The UN has said that US-led coalition and Iraqi forces have a "collective responsibility" to protect civilians in the battle for Mosul.
The body said it was "deeply concerned" after civilians were killed in a coalition airstrike meant to target a van carrying Islamic State group fighters on Thursday.
The attack took place "in what was later determined to be a hospital compound parking lot resulting in possible civilian casualties", a statement from CENTCOM, the US military command in the Middle East, said.
"Families trapped inside Mosul are already extremely vulnerable and in need of protection," said Lise Grande, the United Nations Humanitarian Coordinator for Iraq.
"It is crucially important that all parties do everything possible to protect civilians in accordance with international humanitarian law, both during and after the conduct of hostilities. This is a collective responsibility."
The UN statement on Friday added it was particularly concerned by a "significant increase" in trauma injuries over the last month, with almost 1,000 people referred from Mosul to hospitals in Erbil since 19 December.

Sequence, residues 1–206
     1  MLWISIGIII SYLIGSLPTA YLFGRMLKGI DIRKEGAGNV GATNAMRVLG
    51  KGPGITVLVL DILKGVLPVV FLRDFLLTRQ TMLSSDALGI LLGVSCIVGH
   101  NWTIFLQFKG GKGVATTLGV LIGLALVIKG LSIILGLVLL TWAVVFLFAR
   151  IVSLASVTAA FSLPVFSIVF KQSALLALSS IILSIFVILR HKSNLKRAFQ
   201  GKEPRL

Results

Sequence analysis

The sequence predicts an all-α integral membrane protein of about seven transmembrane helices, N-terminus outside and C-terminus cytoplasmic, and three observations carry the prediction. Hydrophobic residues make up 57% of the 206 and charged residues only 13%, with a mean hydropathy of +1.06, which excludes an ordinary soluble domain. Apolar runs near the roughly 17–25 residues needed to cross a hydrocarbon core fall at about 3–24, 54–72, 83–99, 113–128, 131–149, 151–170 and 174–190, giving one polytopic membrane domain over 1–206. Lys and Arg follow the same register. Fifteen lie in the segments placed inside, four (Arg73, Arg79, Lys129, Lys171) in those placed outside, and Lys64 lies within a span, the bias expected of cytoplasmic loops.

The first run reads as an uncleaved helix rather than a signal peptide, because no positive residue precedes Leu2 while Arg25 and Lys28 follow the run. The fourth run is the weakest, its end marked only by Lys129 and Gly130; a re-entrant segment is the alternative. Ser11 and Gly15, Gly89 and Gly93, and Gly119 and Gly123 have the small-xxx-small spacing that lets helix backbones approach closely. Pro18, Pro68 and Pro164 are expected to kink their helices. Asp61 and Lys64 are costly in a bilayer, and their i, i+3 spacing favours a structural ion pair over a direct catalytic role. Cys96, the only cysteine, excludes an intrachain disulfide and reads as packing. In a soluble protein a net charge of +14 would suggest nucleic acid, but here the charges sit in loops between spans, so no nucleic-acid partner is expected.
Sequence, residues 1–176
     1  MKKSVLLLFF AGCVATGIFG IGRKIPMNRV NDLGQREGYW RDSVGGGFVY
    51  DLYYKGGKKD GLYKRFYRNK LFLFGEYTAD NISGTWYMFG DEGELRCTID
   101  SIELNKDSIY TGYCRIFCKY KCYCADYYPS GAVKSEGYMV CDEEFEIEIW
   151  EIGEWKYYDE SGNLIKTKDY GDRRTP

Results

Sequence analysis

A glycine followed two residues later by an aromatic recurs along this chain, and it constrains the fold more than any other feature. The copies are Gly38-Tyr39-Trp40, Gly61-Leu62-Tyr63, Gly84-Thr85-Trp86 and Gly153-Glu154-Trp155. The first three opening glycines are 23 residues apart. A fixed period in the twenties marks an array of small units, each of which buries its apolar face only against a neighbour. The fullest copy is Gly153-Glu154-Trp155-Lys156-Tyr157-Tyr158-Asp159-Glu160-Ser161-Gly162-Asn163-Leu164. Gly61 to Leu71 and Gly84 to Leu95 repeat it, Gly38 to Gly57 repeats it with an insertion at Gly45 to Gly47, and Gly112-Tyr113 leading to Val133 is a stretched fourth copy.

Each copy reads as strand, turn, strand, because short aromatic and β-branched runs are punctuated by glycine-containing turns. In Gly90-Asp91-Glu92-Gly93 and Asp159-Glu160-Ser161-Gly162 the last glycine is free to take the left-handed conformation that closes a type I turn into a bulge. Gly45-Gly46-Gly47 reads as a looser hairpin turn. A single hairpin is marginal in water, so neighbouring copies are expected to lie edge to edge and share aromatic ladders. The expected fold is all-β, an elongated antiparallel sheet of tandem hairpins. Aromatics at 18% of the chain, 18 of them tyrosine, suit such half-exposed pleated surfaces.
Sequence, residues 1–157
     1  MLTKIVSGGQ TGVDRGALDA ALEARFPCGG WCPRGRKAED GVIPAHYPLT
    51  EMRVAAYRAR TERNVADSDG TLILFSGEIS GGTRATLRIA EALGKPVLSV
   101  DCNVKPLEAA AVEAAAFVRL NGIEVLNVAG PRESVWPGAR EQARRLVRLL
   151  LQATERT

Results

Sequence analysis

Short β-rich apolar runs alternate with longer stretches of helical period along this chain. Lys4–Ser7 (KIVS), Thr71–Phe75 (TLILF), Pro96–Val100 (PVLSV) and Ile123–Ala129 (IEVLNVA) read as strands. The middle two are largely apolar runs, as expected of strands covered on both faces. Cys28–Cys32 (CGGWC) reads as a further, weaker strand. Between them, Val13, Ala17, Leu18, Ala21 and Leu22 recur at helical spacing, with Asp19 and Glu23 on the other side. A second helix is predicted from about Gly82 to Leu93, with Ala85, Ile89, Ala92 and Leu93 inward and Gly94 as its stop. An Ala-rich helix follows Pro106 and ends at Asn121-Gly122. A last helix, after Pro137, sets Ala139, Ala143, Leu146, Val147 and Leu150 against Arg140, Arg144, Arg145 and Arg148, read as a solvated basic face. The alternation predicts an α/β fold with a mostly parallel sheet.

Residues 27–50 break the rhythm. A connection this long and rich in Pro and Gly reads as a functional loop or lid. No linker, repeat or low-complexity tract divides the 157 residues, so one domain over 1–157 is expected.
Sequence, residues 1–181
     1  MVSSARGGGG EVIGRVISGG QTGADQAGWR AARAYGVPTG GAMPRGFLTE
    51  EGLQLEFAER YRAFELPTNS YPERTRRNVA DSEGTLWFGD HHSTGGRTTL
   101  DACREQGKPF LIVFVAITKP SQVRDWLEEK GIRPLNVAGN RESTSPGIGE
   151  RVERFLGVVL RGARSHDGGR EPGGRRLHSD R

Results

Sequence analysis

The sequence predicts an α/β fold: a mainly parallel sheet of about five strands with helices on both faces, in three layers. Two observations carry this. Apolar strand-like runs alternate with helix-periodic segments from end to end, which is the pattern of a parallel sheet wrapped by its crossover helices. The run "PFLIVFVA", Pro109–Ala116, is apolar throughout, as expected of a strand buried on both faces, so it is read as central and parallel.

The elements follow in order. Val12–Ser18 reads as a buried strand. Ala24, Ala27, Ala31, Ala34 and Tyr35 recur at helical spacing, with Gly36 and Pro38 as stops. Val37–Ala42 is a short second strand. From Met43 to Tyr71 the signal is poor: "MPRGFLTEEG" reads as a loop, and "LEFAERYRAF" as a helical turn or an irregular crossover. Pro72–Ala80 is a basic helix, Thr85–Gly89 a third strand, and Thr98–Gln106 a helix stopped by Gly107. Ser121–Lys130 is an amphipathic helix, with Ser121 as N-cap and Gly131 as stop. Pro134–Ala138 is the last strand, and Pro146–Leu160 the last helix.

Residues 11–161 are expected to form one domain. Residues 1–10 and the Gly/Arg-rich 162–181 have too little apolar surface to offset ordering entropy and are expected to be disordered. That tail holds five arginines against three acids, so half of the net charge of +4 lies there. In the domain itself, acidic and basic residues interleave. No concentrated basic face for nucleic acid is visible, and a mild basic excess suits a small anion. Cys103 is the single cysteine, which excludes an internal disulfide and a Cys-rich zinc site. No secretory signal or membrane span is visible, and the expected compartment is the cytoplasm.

"Nothing is more important than the sanctity of life," Grande said.
"Protecting civilian infrastructure is also crucial. As military operations push deeper into the inner urban districts of Mosul, the utmost care must be taken to avoid damaging hospitals, schools, water stations and other infrastructure that sustains civilians."
The coalition has previously insisted it is taking extensive precautions to avoid killing civilians during its bombing of IS group targets, claiming it routinely uses precision-guided bombs or missiles to hit targets that are often observed by drones for hours before being hit.
"We appreciate the efforts being made by the Combined Joint Task Force and Iraqi Security Forces to limit destruction - and call upon all parties to conduct hostilities in ways which are consistent with international standards and humanitarian law," Grande added.
Since launching the second phase of the assault on 29 December, a further 2,000 people have fled the city, bringing the total displaced by the two-month long campaign to 118,000.